“Interestingly enough, when we did something like that, it was controversial. It was either praised as a total masterpiece or considered garbage but it was an incredibly important record, not just to Satyricon, but to the scene as well because it really influenced many influential bands and made them understand a thing or two about how they as a big band need to take responsibility, not just for their band, but for the musical genre that they are a part of. With that record, that’s probably the only time where we made a deliberate decision to try and turn things around, but I consider that a one-off and a truly different record from the rest of our catalogue. With Deep Calleth Upon Deep, what I was pursuing was the most looking at the big picture was spirituality, and I think we’ve achieved that. I find the record to be extremely spiritual.”

As well as the new album coming up, fans can also look forward to the eventuation of the much talked about covers album by Satyricon, although Satyr remains noncommittal on when it will see the light of day.

“I hope so, yeah,” he laughed when asked if the album was still in the pipeline. “It’s something that we’ve been playing around with for the last three or four years in between other things, and hopefully we’ll have time to pursue that next year at some point. What has been important in that project has been to try and look at the album, when we eventually do it, is going to be called Formative Oddities, and the reason for that is because that’s exactly what it is going to be about. It’s gonna be about stuff that helped shape our musical taste, but I don’t wanna do something overly obvious like putting covers of Venom and Black Sabbath in there. There’s gonna be some folk music; there’s gonna be some classic hard rock, some punk rock and perhaps also we’ll try to do some versions of electronica things that are not within the category of typical extreme metal or all of the obvious ones.”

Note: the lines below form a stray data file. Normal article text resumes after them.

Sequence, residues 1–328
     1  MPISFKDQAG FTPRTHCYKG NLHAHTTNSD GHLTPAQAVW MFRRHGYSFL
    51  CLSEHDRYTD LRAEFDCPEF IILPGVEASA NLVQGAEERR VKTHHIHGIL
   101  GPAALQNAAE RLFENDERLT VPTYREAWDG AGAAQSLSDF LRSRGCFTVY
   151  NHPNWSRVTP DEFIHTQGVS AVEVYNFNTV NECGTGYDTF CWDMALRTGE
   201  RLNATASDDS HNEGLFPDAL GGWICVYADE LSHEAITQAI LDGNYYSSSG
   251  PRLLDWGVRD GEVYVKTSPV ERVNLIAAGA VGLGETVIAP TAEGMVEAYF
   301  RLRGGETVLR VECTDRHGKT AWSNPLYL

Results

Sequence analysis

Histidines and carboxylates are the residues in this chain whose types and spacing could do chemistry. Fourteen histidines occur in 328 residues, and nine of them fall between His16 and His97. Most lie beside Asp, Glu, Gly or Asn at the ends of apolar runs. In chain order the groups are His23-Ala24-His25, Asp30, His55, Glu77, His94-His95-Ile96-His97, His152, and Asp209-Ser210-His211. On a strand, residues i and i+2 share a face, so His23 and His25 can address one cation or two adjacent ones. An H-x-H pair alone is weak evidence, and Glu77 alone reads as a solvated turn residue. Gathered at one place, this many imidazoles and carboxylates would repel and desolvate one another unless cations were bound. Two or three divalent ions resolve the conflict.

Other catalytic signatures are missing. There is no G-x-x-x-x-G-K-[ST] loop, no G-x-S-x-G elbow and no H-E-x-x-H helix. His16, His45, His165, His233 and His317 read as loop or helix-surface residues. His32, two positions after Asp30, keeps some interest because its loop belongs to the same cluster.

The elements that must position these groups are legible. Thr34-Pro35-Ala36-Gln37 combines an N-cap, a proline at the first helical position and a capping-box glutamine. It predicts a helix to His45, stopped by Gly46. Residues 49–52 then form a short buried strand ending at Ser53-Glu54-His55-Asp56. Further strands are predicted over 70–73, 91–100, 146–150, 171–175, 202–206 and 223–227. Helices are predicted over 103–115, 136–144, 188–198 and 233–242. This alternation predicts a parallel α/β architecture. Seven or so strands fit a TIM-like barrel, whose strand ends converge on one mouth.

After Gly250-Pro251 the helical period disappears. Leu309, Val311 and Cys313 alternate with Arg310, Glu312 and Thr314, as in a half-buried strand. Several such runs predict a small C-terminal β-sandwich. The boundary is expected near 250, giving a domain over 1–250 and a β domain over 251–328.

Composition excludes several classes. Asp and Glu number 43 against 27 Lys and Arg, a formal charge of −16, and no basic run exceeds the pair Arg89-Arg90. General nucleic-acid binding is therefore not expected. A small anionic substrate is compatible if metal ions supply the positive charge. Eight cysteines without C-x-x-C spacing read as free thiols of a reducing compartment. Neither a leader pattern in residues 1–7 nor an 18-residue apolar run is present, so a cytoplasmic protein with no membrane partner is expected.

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Kris Peters

Kris has been writing freelance for about 20 years. Kris always found his taste in music a little too eclectic for the mainstream market but has found his niche writing for HEAVY. Based in Brisbane, Kris also runs a promotions company, KSP Productions.